Open-ended balconies contribute to a sense of lightness

The Highpoint I apartment building, built in England in 1935, is modern-looking, forward thinking for its time, and widely praised.

Shared spaces[edit | edit source]

The shared spaces did not work as planned. The plan for its foyer areas to function as a social forum never worked in practice. Neither was the roof terrace (an important element in Le Corbusier's theory of modern architecture) furnished or greatly used, though it was originally intended to be.[1]

Pricing out the workers[edit | edit source]

Lubetkin Highpoint II December 2005.jpg

Though designed for workers, the quality of its design led to its apartments being sought after by the middle class.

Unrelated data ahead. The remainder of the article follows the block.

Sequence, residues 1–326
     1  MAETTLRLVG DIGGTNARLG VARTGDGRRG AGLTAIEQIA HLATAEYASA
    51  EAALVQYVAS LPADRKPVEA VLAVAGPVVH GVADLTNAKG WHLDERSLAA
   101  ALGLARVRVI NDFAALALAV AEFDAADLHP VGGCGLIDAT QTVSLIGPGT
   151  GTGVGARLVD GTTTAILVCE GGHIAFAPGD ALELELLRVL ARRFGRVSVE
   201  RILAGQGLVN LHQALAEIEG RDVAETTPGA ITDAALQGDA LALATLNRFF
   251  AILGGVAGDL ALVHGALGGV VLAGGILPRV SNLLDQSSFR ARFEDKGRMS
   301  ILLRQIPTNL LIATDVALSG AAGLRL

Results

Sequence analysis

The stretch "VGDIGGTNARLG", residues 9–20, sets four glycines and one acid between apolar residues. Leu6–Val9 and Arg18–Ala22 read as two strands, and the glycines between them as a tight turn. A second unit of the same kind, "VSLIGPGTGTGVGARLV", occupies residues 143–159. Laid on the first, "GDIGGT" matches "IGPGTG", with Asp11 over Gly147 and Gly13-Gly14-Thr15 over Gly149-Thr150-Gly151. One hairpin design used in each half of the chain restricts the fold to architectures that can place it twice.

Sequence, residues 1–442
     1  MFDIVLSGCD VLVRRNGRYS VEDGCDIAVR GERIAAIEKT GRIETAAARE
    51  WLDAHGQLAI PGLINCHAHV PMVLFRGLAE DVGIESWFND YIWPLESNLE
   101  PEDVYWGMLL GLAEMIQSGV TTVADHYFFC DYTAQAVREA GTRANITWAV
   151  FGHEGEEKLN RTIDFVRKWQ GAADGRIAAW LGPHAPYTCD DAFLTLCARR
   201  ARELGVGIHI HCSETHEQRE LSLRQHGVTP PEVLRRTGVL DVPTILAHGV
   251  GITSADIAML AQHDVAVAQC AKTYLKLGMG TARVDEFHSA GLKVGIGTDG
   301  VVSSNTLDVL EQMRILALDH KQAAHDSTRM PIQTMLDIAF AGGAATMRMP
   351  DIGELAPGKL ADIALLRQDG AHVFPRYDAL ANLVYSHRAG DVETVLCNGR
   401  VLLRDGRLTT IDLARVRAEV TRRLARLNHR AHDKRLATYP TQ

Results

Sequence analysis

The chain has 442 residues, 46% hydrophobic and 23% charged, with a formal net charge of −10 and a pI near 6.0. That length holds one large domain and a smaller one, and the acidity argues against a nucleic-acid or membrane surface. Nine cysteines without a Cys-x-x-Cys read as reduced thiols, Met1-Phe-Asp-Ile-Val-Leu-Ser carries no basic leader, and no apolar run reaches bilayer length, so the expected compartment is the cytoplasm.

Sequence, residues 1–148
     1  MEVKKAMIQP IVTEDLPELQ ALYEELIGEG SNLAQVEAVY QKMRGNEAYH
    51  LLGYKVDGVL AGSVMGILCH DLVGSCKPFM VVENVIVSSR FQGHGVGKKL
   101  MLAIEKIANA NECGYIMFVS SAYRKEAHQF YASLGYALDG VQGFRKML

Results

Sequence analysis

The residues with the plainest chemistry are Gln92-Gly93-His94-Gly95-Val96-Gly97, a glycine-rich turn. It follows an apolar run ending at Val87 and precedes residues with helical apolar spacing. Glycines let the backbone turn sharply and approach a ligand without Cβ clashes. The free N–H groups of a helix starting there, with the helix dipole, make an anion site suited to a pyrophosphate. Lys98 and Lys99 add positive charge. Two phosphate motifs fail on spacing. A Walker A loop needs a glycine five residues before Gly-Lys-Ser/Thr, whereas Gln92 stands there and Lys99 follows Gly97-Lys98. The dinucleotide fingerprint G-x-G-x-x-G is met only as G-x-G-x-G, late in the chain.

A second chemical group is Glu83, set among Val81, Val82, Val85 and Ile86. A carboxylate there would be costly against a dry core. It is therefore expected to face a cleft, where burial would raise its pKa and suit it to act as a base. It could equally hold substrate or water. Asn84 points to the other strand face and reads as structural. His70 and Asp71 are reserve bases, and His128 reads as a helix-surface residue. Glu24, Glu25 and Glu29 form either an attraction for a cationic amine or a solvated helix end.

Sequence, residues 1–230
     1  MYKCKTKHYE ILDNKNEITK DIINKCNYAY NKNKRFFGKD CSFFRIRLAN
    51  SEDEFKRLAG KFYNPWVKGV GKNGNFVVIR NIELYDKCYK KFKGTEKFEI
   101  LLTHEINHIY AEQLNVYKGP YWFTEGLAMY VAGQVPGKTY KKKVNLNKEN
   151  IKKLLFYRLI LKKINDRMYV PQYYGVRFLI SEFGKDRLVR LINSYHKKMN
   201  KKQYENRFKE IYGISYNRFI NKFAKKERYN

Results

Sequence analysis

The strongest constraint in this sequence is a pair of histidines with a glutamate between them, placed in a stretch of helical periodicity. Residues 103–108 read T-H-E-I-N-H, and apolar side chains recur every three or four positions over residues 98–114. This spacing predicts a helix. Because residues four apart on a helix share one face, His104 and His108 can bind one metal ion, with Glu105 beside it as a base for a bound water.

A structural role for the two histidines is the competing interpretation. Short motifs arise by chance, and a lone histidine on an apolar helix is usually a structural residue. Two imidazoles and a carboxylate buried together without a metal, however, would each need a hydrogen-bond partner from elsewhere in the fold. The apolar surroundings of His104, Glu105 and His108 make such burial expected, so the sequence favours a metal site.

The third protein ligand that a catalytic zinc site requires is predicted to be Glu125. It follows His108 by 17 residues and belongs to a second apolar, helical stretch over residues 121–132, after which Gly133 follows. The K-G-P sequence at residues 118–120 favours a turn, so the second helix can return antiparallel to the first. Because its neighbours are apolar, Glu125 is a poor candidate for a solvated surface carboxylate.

This is similar to the experience of New Urbanist towns in more recent times, such as Seaside, Florida. When good design is a rare thing, it will inevitably be priced more highly - the only way to make good design available to the majority may be to make it ubiquitous.

Designers[edit | edit source]

It was designed and built by Berthold LubetkinW and Ove Arup.W Arup expressed disappointment with the project, in hindsight.[1]

Highpoint II was built in 1938.

Notes[edit | edit source]

  1. Lubetkin's High Point by John Allan, ArchitectureWeek. Note that most of the article is on page 2)

External links[edit | edit source]

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